“Yer da”, for anyone new to the internet meme, is “your father”, and code for a certain kind of harmless grouch locked in a losing war with modernity. Yer da tuts at long hair on men and tattoos on anyone. Yer da’s culinary tastes are unswervingly cow-oriented. Yer da’s take on professional footballers is purest acid. Behold his histrionic pique at exorbitant salaries and pretty boy foreigners with their technique and their nutrition.
For yer da, the Premier League season of 2015-16 has been a prolonged vindication. The strutting overlords — Manchester United, Manchester City, Chelsea, Arsenal — have all tumbled or stalled, leaving scrappier clubs to flourish. One of them, Leicester City, narrow escapee from relegation last year, leads the league by five points with only seven games to play.
Everything about Leicester guarantees the support of a sentimental nation. An unaffected city some way from London. A striker, Jamie Vardy, scooped from the lower leagues. A utilitarian playing style performed by men with the stout yeoman names of Simpson and Drinkwater. A manager, Claudio Ranieri, known for falling short amiably.
More than a football sensation, the club has become a metaphor for primal values over modern fancies. Its success is ascribed to the kind of pluck and passion that elite players — cocooned by support staff, showered with motivation-sapping lavish contracts — are said to lack. Victory for Leicester is victory for romance, plainness and the old-fashioned way.
The danger is that anyone actually believes this mawkish guff. It is not a vanload of amateur enthusiasts that is cutting through the world’s richest league. Leicester is (or has become) a state of the art club. This season’s performance is a surprise but not, once you look at the systems and processes underlying it, a mystery.
Even before Leicester broke into the Premier League two seasons ago, the club was curious about the potential of sports science to eke out marginal gains in performance. Players had match data logged on their tablets, including footage of the 10 seconds before and the 10 seconds after each occasion they touched the ball. Attention to detail in physical conditioning equalled anything at the upper end of the sport. The youth academy was one of only six outside the top flight to be awarded category one status by England’s Football Association. This was a serious place whose Thai owners looked beyond the Premier League to participation in the Champions League, Europe’s highest competition.
Infrastructure, however space age, can only do so much, and Leicester was never going to take off without a few doses of extreme talent. With middling resources, the club relied on its vigilant scouts to spot underpriced players in relative backwaters. From France it plucked Riyad Mahrez, who will sweep the player-of-the-season prizes, and N’Golo Kanté, another contender for those honours. The combined transfer fee for the pair plus Vardy was about £8m, a rounding error at somewhere such as Manchester City. There is more going on here than luck — Arsenal, which has hired one of Leicester’s scouts, certainly thinks so.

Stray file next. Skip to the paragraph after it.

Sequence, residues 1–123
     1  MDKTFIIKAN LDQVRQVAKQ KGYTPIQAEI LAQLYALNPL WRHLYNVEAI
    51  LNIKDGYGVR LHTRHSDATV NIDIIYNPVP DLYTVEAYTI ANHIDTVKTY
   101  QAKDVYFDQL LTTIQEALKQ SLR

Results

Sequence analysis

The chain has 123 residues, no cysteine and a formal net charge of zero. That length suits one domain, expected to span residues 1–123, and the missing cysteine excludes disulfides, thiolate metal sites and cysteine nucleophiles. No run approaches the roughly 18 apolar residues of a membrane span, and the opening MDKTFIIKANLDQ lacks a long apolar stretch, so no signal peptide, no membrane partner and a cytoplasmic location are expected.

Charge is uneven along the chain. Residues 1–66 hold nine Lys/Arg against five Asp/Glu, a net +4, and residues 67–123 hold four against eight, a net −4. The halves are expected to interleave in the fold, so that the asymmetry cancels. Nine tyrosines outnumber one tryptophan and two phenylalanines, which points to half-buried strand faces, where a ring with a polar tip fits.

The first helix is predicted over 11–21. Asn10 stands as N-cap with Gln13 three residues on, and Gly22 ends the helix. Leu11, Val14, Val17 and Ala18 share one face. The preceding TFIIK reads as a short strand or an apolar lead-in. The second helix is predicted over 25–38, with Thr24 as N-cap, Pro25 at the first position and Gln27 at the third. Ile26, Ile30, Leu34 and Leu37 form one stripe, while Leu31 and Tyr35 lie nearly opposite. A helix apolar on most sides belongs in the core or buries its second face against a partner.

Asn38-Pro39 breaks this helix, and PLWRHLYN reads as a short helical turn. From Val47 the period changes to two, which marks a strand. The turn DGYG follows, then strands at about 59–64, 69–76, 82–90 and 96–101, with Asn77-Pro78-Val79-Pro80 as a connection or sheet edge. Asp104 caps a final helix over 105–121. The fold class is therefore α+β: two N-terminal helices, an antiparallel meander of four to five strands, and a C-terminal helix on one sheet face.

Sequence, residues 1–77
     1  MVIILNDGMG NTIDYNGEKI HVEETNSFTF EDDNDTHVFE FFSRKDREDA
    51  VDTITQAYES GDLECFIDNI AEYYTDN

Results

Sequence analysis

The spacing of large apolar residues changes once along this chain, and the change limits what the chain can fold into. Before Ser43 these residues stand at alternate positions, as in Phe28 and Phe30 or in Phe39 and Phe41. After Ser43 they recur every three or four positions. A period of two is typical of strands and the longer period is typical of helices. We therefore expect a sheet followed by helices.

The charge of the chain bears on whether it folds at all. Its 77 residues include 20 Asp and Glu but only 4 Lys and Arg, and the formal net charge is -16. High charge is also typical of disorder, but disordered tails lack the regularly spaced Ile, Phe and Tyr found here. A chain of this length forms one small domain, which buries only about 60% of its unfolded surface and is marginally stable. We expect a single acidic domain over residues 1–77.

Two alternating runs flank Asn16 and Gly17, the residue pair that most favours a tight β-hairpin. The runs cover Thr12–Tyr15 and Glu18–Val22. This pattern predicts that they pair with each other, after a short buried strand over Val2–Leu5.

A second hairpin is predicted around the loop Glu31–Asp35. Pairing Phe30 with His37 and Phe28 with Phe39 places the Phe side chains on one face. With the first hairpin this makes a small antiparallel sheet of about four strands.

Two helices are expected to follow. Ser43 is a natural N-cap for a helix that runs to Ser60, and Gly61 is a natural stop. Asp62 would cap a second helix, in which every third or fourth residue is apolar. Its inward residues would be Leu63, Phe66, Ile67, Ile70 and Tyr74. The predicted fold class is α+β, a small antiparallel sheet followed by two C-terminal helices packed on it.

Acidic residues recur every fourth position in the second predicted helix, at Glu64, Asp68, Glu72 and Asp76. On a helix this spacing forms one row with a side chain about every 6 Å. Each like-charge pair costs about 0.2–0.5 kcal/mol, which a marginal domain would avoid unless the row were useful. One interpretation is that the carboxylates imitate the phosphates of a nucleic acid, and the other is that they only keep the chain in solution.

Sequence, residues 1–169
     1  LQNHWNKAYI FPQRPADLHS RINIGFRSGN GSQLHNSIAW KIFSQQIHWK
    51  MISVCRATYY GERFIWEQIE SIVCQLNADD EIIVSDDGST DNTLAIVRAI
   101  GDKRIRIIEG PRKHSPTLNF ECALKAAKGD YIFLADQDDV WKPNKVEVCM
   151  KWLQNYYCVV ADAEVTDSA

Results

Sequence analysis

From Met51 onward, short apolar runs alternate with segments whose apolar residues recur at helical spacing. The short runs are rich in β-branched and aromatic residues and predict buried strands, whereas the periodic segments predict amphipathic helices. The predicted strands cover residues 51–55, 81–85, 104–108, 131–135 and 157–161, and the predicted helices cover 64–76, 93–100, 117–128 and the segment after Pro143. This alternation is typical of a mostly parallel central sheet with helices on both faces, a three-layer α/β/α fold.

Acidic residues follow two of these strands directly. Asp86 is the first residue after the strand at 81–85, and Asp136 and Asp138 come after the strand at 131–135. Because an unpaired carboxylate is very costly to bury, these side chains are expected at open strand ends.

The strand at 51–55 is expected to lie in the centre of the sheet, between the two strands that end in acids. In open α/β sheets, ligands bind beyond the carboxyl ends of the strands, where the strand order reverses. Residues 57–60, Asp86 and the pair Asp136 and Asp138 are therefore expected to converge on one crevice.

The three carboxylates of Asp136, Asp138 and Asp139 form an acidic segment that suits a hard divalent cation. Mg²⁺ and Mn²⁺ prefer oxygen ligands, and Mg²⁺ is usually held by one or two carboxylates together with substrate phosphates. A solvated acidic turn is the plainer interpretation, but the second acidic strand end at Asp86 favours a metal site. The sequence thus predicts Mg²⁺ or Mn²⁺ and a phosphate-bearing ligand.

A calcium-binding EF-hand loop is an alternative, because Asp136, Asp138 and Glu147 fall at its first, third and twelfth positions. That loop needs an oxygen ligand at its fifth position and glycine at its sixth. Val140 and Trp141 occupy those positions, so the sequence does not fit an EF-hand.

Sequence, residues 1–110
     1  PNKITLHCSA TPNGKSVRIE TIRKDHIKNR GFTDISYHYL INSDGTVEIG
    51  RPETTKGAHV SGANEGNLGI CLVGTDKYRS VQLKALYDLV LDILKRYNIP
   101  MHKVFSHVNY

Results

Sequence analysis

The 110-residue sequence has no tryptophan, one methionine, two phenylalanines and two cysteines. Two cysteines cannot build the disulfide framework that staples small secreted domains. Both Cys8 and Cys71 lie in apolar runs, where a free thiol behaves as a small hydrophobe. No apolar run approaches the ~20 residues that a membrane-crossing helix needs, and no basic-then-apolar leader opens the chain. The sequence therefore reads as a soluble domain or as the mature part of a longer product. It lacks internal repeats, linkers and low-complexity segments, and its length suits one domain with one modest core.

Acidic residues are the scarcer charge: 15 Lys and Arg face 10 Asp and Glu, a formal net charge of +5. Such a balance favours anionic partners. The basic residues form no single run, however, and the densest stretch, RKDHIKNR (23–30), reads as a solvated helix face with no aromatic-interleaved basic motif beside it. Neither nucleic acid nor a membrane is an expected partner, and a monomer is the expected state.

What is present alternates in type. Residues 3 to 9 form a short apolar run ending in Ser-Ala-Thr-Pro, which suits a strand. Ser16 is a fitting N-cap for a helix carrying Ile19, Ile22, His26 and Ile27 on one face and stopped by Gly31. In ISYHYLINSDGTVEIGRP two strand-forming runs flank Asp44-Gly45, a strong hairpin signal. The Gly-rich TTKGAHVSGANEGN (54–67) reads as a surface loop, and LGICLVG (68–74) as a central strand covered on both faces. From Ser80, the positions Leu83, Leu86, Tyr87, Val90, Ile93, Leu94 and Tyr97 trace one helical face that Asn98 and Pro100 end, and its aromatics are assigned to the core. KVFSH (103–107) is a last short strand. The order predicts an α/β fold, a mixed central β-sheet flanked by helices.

Scouting is a system. The conditioning that has kept Leicester free of disruptive injuries is a system. Ranieri’s regime of two rest days a week, and only light training on a Monday, is a system. His style of play, with its defensive rigour and vicious counter-attacks, is a system. His players are not above gamesmanship and rotational fouling — taking it in turns to commit infractions so that no individual picks up yellow and red cards — and that is a system, too. Intelligence is at work here. Without intending to, the club’s neutral admirers sully its success by reducing everything to elbow grease and chivalric virtues. There is more of the Enlightenment than of romance about this story.
Foreign owners, a foreign coach, a polyglot squad, a laboratory of a training ground: far from mounting a stand against the modern world, Leicester is the modern world. Do not hold out against change, this season teaches us, absorb and master it. The lesson is not just for other clubs but also for modest cities adapting to globalisation and for individuals navigating an insecure world.
Some of England’s most go-ahead clubs are outside the cosmopolitan centres. Stoke City fields players as maverick as the Swiss-Kosovar Xherdan Shaqiri, who was stunned by the facilities at the club.
Southampton has for years used scouting and youth coaching to do what blunt cash does for bigger rivals. If you need not be Arsenal to have a globalised and scientific approach to football, maybe you need not be London to find a niche in the world economy. Leicester’s success is a parable — just not the one yer da thinks.